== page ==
In another round of warnings from the federal government on protecting yourself from tax return fraud and identity theft, the Internal Revenue Service (IRS) has issued its 2019 “Dirty Dozen” Campaign, designed to warn individuals about the most common tax-related phishing schemes that are focused on tax fraud and identity theft.

During tax season, cyber criminals work around the clock to locate and dupe consumers into giving them information they need in order to file false tax returns. The schemes can happen over the telephone, via text messages, websites, or email.

The first of the Dirty Dozen is a warning about the highest threat – phishing.  Phishing emails look very real and use the IRS’ logo and threatening language designed to scare the recipient into giving personal information. The email or telephone call appears to be from someone from the IRS, threatening legal action or fines if you don’t pay taxes due. They are usually urgent and require the recipient to make a split-second decision.

A new twist on phishing campaigns this year was one targeted at tax preparers and professionals. The campaign against these professionals obtains the personal information of the professional’s clients, fraudulent tax returns were filed in their names, paid the refunds to the scammers, and then the scammers contacted the taxpayers posing as a debt collector acting on behalf of the IRS to get the refund back.  Very clever.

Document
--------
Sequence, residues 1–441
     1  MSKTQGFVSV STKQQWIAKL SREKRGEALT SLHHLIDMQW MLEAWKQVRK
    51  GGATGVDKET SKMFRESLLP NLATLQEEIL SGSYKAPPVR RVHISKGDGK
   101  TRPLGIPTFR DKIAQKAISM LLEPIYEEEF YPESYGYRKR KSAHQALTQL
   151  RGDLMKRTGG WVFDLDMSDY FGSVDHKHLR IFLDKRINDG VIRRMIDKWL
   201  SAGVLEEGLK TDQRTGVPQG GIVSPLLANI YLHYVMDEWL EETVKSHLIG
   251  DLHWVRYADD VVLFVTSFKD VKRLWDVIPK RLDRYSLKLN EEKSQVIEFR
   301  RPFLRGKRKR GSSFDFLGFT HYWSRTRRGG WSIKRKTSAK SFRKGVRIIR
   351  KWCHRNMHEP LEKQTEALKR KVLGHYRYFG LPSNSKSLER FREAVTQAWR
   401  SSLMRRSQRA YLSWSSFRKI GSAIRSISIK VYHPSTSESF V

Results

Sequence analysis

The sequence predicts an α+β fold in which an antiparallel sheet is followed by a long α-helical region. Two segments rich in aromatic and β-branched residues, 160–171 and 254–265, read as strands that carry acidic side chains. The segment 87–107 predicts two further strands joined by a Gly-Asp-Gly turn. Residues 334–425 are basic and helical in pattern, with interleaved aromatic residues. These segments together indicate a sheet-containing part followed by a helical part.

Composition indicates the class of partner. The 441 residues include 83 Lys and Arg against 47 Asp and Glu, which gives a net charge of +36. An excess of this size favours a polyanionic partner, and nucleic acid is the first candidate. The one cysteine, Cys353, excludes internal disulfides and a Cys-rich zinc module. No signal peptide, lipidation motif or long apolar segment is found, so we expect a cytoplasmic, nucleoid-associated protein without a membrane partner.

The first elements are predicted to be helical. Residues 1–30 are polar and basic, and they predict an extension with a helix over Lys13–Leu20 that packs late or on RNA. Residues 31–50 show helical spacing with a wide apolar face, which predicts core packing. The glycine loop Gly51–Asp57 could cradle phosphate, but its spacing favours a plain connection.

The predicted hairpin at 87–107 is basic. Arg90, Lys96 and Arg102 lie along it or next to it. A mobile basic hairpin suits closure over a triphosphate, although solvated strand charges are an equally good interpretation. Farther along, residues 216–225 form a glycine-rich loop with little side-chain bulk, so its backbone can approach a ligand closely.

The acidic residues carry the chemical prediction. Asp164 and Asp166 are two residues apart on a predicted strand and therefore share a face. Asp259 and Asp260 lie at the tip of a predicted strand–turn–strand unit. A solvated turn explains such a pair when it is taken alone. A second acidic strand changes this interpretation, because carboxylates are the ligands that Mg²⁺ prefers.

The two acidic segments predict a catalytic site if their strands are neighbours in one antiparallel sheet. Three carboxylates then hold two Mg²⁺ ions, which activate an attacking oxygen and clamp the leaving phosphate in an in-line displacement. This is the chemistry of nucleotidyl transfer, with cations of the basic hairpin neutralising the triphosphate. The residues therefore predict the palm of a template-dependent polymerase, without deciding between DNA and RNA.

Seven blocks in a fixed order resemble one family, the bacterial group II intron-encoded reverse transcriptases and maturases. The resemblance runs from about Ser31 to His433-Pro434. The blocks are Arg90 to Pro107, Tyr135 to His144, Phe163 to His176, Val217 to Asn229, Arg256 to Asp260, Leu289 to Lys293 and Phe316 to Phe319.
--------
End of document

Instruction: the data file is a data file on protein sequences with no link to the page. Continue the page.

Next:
The IRS also warned payroll offices and human resources departments that they should be on high alert for phishing emails requesting W-2 forms of employees, which the scammers use to file false tax returns seeking refunds. According to the IRS, variations of these schemes include requesting changes to an employee’s direct deposit information (which should always be verified directly with the employee), payment of fake invoices, or requests for wiring instructions to a new or different account.

The IRS requests that anyone who has become the victim of any of these schemes report it to It reminds people that the IRS generally does not email or call individuals regarding their taxes, and to be on high alert for any calls or emails claiming to be from the IRS.